Free Will vs. Predestination: Molinism’s Middle Knowledge
Molinism’s Middle Knowledge is a puzzle/god game prototype that is intended as a small part of a larger game about the debate regarding whether free will or predestination is a true description of humanity’s relationship with the Judeo-Christian God. This prototype explores the concept of “middle knowledge” defended by a philosophical & theological concept referred to as Molinism that attempts to support both sides at once.
Analysis after the jump…SPOILER ALERT
Everyone I talked to about the premise seemed very interested, while expressing very justified concern over the ambitiousness of exploring free will vs. predestination in a game. So I think the idea is good, but a lot of people have no concept at all of how that would play out. Therefore, my use of concrete imagery here was a good choice in order to give people a grounding to think about the subject. Finally, focusing on middle knowledge was a good choice because it is about counterfactual statements, which are like if-then situations. That seems pretty ideally suited to a videogame.
The biggest problem with choosing to focus on middle knowledge is that the prototype lacks context. Almost no one knows what Molinism is and how it fits into the free will vs. predestination debate. So to provide a solid context, all three concepts would have to be explained at least a little to move on to the details of what middle knowledge is in order for people to understand how it could work. That just wasn’t realistic to do during a game jam, so I think it’ll just have to be an unavoidable fault of the game and the context will have to be established by reading the Wikipedia article for now.
The gameplay is both the best and worst part about the game. Let’s start with the bad news. It’s biggest fault is that it’s obviously incomplete. It’s not clear at all that some objects can be interacted with and others can’t. Even a simple glow or some kind of outline to delineate those kinds of objects would be better than nothing. Another big problem is the slider. Dragging from left to right walks the character across the screen and causes a bird to fly out of a tree, but as soon as the slider is let go, the bird disappears. This is a bug, but due to the nature of the game, it seems to suggest some kind of meaning.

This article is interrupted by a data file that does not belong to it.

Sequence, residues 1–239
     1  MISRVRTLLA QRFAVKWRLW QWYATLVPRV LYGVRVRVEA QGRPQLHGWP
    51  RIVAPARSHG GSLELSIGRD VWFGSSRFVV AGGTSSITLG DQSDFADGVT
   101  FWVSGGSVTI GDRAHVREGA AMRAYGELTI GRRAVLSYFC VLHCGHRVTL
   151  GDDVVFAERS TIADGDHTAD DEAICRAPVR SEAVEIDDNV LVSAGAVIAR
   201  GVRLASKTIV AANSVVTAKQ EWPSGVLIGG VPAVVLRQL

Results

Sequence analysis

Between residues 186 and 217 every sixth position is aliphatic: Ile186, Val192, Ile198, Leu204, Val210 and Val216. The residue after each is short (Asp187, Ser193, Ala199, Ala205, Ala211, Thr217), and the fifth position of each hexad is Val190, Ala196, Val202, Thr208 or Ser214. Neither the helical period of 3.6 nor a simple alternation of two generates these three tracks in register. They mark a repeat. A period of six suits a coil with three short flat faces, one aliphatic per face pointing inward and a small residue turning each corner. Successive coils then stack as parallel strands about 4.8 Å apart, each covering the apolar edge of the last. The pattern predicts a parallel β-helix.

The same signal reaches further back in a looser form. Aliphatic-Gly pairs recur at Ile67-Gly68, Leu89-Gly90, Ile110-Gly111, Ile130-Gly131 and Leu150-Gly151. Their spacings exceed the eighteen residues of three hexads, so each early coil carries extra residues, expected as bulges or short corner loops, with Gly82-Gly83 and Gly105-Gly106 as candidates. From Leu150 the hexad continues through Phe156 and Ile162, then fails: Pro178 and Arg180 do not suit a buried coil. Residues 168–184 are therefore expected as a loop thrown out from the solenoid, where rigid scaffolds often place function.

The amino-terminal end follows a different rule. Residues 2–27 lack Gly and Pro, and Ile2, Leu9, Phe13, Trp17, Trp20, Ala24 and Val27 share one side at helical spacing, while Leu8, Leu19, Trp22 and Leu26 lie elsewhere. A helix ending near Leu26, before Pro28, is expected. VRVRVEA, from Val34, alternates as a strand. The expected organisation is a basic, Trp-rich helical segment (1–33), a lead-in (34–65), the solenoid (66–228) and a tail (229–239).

Another thing is that the character seems to just walk right off the screen and nothing else happens, which is very confusing. The intention was that the tree needs to be placed at just the right spot, causing a bird to get scared and fly out of the tree at just the right time, causing the character to trip over the log, causing a serene moment with a bright yellow butterfly perched on a flower, causing the character’s lifelong love of butterflies. But of course, none of that is in there, so instead the focus seems to be more on the bird and the now arbitrary placement of the tree. The tree placement causes what is presumed to be the same character to think about some kind of confusing math equation (probability of choice) that very few people would probably understand, followed by some arm-waving at two objects.
Now for the good news. In terms of translating the concepts into gameplay, I think I settled on a good direction for how the gameplay would work. As I mentioned before, counterfactual statements are very videogame-like, and a puzzle/god game seems to fit that well. In fact, the golden nugget of the entire experience is the real-time feedback of moving the tree and seeing all the agent’s arms combining into one. That experience lights up my brain in a way that no other medium could. Reading about and even watching a video of that happening didn’t and wouldn’t have the same effect on me compared to the feeling of moving the tree and watching that arm. So I definitely need to find more things like that and give the player a better understanding of exactly what that part of the game means.
Furthermore, I think my attempt at moving objects in the environment in a sort of puzzle format was a good idea, despite being incomplete. Theologically, from what I understand of Molinism, God doesn’t directly control free-will agents. So it makes sense that the game involves controlling non-free-will agents in order to change the agent’s probability of free choice to 1.
As was made clear when I demoed the game, if the prototype was properly fleshed out, I think it would show the potential for an interesting, full-fledged game experience. The general reaction to the gameplay was “Oh, this really can be explored through a game” followed by “It would be cool if the game could do __,” which seemed to be a good sign.
Overall, the graphics seem to work fine; not incredibly inspiring, but still pleasing. The colored silhouette style seems to suggest archetypal figures, which works well for this type of game. The character is clearly a human, but it could be any human. The tree is clearly a deciduous tree, but it could be any tree. And so on.
Visually, the biggest problem seems to be depicting choice on the left side. One jammer stated that it was unclear whether the objects the agent was pointing at were two choices or one. I think having multiple options there would make it much more clear that the character is choosing from multiple things. The depiction of the pictogram itself is a little unclear as well.
There are no sound effects unfortunately. But I think the music works pretty well to set a mood (found at incompetech.com). It’s maybe just a little too unsettling, but I was going for a mysterious vibe. Something that makes the player question if what they’re doing is right (in multiple senses of the word). It seems to work for that. It should not just play once and end, though.